Taiwan representative doubts China’s chip making technology; underscores Taiwan’s prowess in it

Taiwan’s representative to Washington, Alexander Yui, underscores Taiwan’s dedication to semiconductor innovation amid concerns over China’s technological pursuits in regard to semiconductors and questions China’s prowess in chip technology.

In an exclusive interview with Reuters, Taiwan’s representative to Washington, Alexander Yui, unveiled Taiwan’s perspective on China’s relentless pursuit of semiconductor technology and its impact on global markets. Yui, who recently assumed his role in December, emphasized Taiwan’s commitment to innovation and investment in the semiconductor industry, whilst also addressing concerns over China’s alleged unfair practices.

Yui cast doubts on China’s ability to match Taiwan’s chip technology prowess, asserting that despite significant investments, Chinese chipmakers have yet to achieve parity. He expressed skepticism towards reports suggesting that China was on the brink of producing next-generation smartphone processors, countering assertions made by Donald Trump, regarding Taiwan’s role in the loss of American semiconductor jobs.
Highlighting the strategic importance of semiconductor technology, Yui underscored Taiwan’s vigilance in safeguarding its talent pool from illegal poaching by Chinese companies. He revealed that Taiwan’s espionage agencies have been actively investigating such activities to protect its intellectual property and national interests.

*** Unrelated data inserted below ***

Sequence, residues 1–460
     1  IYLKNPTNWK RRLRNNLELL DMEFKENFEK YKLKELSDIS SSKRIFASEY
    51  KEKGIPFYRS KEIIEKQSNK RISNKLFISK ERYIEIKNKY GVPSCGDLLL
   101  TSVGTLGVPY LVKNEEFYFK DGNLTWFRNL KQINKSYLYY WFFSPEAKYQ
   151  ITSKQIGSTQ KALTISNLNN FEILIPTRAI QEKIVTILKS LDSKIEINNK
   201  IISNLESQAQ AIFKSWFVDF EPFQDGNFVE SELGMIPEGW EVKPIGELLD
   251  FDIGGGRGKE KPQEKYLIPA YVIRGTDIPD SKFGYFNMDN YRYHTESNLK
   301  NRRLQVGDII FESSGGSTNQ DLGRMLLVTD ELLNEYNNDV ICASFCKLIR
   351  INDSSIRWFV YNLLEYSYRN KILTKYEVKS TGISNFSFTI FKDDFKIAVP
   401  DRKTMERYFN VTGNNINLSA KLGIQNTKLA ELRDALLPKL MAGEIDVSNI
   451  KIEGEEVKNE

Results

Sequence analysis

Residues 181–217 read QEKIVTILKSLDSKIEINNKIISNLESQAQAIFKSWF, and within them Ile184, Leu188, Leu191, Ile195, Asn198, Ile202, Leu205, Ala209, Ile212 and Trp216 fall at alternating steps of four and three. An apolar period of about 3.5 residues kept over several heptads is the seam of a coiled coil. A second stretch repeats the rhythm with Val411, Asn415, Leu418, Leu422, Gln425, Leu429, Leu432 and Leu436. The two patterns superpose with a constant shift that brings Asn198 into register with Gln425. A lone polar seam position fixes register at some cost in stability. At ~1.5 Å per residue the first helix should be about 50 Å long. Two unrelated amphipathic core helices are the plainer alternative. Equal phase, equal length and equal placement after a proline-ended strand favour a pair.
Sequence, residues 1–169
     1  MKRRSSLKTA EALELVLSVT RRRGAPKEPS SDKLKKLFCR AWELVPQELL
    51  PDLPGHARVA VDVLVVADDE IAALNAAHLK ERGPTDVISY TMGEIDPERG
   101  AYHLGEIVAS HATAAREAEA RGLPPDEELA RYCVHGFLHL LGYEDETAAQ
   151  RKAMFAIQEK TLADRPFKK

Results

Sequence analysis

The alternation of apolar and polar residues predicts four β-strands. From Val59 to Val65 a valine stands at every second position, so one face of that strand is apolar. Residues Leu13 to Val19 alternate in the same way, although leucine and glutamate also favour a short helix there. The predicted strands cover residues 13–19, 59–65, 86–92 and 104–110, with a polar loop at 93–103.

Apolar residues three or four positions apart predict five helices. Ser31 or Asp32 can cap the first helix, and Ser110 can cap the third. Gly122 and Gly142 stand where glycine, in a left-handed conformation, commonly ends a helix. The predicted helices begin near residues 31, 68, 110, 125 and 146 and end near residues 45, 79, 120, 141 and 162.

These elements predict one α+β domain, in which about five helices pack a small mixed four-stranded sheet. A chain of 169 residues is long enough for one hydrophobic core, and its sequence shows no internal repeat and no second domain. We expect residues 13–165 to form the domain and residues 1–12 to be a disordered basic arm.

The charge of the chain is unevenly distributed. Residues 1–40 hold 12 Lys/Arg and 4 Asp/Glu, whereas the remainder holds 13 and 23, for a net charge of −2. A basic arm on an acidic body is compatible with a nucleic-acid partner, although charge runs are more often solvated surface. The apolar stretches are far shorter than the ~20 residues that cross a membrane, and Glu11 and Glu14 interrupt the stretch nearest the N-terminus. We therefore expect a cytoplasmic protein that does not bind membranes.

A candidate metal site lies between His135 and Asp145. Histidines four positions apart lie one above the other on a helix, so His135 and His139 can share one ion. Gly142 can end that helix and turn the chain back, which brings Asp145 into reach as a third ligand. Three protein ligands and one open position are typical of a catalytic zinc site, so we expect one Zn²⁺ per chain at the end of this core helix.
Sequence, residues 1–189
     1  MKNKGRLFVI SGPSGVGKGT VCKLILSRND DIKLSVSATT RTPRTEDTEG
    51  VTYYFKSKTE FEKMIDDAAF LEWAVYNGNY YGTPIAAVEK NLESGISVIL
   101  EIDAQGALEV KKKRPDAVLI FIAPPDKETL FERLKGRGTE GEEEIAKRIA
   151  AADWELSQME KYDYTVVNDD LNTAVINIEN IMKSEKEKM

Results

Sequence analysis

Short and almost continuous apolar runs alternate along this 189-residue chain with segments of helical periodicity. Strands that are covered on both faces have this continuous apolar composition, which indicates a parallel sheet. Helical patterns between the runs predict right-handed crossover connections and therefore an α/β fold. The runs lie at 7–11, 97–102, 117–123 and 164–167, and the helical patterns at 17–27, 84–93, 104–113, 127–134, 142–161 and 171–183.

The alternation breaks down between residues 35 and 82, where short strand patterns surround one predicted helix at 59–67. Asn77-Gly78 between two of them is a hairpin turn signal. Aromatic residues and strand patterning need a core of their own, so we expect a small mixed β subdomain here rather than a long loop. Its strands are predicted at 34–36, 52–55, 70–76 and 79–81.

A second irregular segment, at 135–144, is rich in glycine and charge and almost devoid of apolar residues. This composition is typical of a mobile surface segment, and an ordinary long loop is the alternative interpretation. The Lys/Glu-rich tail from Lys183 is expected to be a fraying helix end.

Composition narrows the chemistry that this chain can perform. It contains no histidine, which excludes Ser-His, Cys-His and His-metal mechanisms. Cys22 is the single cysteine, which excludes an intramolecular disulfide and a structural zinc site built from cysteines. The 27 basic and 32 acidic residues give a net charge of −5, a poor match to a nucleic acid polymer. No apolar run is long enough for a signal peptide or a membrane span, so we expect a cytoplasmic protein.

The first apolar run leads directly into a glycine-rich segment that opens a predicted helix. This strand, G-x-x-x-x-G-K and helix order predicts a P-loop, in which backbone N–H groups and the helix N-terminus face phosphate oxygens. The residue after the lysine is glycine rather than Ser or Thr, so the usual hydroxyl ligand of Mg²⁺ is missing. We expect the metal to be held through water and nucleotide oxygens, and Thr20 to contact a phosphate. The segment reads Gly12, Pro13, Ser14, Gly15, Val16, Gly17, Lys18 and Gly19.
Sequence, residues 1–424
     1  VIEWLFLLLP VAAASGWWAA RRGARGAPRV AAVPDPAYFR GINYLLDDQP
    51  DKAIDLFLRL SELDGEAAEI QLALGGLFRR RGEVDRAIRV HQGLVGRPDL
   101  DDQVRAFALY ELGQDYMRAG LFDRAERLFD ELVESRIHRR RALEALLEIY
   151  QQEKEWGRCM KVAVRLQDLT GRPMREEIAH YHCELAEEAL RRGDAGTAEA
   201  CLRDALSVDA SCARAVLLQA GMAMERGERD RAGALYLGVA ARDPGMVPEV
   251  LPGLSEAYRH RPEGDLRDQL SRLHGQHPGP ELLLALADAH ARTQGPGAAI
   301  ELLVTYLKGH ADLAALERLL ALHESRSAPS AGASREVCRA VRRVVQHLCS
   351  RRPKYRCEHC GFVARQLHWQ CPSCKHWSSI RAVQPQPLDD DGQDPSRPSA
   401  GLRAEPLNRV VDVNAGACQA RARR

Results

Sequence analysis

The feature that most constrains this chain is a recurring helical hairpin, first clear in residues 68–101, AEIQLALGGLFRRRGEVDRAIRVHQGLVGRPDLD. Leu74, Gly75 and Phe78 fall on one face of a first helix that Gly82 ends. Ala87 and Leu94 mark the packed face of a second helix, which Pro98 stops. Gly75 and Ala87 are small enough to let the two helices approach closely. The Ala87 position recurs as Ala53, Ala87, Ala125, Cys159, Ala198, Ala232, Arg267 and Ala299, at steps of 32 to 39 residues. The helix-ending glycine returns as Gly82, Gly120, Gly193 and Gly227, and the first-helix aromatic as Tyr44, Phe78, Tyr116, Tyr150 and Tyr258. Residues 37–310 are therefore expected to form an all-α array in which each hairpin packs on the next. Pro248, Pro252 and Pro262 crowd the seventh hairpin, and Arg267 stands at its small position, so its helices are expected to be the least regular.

Moreover, Yui addressed concerns raised by Washington regarding China’s coercive tactics in obtaining strategic technology and its impact on global technological competitiveness. He emphasised the need for international cooperation to counter such threats, particularly through legislative measures aimed at curbing technology transfer to China.

Discussing the burgeoning partnership between Taiwan and the United States in the semiconductor industry, Yui mentioned the establishment of Taiwanese semiconductor giant, TSMC, in Arizona. He hinted at further collaborations between Taiwanese companies and the United States, highlighting the strategic repositioning of Taiwanese firms in response to evolving global dynamics.

On the issue of military security, Yui welcomed support from the U.S. Congress and administration to bolster Taiwan’s defence capabilities. However, he downplayed the possibility of stockpiling munitions and defence articles on the island, citing logistical and geopolitical considerations.

In conclusion, Yui’s insights shed light on Taiwan’s steadfast commitment to technological innovation and its efforts to navigate complex geopolitical dynamics, particularly in the semiconductor industry. As China continues its quest for technological advancement, Taiwan remains a key player in shaping the future of global semiconductor innovation.